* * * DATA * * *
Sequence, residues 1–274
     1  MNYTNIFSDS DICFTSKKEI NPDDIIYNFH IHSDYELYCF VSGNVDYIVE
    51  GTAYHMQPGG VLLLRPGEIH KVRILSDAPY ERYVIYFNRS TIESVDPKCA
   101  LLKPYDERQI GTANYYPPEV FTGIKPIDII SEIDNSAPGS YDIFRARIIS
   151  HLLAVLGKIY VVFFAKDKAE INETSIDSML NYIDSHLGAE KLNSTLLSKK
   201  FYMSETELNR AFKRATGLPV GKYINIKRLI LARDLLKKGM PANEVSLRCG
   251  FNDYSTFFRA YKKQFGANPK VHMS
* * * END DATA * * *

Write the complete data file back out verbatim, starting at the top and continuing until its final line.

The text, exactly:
Sequence, residues 1–274
     1  MNYTNIFSDS DICFTSKKEI NPDDIIYNFH IHSDYELYCF VSGNVDYIVE
    51  GTAYHMQPGG VLLLRPGEIH KVRILSDAPY ERYVIYFNRS TIESVDPKCA
   101  LLKPYDERQI GTANYYPPEV FTGIKPIDII SEIDNSAPGS YDIFRARIIS
   151  HLLAVLGKIY VVFFAKDKAE INETSIDSML NYIDSHLGAE KLNSTLLSKK
   201  FYMSETELNR AFKRATGLPV GKYINIKRLI LARDLLKKGM PANEVSLRCG
   251  FNDYSTFFRA YKKQFGANPK VHMS